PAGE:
After this step, the remaining unique reads were aligned to genome to predict novel miRNAs. The surrounding sequences (down- and up-stream) were extended by 300 bp which were used to predict fold-back structure using RNAfold [47]. The structures with at least 18 paired nucleotides and a folding energy of smaller than -40 Kcal/mol were kept as putative precursors for further analysis. The small RNA reads were mapped to the obtained putative precursors. Finally, novel miRNA identification and annotation were strictly based on appearance of miRNA* and predictable fold back structures for the miRNA precursor sequences, as suggested by Meyers et al. [48].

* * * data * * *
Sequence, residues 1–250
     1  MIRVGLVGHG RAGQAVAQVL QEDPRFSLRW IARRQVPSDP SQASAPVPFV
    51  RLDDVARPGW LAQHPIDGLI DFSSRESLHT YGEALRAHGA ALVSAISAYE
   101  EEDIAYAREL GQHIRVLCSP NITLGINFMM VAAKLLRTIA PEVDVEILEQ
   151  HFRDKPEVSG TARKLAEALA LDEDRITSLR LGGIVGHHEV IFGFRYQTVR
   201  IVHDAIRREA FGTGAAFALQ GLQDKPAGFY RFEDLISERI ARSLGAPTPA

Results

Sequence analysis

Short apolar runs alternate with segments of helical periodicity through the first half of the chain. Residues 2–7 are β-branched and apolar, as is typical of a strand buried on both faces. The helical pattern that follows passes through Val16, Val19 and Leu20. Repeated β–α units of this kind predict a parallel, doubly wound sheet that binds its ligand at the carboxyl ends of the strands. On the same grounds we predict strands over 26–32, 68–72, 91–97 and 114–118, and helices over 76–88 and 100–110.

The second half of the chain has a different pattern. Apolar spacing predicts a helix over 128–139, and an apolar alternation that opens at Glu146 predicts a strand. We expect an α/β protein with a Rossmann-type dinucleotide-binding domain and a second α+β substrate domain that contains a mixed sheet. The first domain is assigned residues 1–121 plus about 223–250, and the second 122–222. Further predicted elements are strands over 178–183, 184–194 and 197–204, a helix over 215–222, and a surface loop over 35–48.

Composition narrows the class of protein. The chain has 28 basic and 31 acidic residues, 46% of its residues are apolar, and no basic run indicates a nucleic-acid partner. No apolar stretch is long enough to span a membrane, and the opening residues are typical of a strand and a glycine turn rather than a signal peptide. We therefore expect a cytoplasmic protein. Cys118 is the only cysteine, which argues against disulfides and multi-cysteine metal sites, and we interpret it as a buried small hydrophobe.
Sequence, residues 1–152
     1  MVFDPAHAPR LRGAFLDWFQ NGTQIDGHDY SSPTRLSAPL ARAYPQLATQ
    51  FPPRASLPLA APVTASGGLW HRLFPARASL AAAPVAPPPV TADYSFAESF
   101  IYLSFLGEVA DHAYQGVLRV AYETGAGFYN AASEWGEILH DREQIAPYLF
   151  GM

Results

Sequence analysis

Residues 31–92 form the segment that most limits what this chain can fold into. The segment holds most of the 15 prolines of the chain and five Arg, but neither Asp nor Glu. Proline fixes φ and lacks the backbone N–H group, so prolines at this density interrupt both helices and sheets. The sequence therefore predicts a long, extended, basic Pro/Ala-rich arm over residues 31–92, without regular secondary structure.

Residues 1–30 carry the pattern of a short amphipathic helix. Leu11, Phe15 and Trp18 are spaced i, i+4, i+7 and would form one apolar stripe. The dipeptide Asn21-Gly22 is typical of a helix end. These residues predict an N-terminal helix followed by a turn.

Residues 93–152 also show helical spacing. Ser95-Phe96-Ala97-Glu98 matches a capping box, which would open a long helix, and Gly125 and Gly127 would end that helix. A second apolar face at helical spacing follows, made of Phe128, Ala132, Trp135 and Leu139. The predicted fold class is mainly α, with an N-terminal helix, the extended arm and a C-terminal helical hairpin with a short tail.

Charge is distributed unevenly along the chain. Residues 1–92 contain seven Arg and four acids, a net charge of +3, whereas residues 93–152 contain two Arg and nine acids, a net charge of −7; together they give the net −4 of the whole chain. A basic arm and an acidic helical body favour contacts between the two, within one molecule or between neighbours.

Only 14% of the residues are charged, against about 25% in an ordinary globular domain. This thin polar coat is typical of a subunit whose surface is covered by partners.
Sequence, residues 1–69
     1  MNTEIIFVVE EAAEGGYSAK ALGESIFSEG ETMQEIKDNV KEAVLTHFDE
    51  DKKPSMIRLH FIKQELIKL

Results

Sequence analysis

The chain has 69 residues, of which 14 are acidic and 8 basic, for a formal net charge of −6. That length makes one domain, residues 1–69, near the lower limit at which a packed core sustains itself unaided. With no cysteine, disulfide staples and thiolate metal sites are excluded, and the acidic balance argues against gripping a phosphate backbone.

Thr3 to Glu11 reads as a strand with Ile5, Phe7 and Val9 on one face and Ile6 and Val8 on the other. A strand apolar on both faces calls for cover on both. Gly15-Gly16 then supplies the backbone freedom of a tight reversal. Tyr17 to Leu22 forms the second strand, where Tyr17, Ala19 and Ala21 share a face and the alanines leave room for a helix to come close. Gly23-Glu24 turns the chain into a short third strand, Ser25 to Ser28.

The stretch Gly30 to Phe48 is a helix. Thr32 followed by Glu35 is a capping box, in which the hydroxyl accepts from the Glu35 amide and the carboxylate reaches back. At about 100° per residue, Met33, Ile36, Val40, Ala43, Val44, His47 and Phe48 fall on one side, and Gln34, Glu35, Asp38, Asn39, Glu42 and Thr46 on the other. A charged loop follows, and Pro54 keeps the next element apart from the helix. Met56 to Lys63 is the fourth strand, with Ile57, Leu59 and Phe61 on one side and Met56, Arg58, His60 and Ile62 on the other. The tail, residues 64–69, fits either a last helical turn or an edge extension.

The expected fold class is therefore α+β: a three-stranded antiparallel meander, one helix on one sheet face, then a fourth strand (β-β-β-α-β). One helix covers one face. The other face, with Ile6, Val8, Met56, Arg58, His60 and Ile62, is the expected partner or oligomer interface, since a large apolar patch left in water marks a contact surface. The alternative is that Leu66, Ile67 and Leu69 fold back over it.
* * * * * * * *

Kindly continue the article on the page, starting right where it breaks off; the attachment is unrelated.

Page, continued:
As described previously [39], mature miRNA sequences from all plant species were downloaded from the miRBase (v21) [46] from which unique miRNA sequences were obtained (see Additional file 2: Figure S2a). Next, these unique miRNA sequences were used as queries against the watermelon genome using BLASTN to predict known miRNA homologs in watermelon that were not represented in small RNA libraries. Hits with no more than two mismatches were identified and the flanking regions (80nt, 130nt, 180nt down stream and upstream) to the mapped mature miRNAs were isolated and used to predict fold-back structures using the RNAfold. The predicted fold-back structures were examined for the presence of miRNA on the same arm of the hairpin as the known family members from other plants. These precursor sequences were further evaluated by MIRcheck and selected candidates that have ≤ 5 mismatches, ≤ 2 bulged or asymmetrically unpaired nucleotides, and ≤ 3 continuous mismatches within the mature miRNA.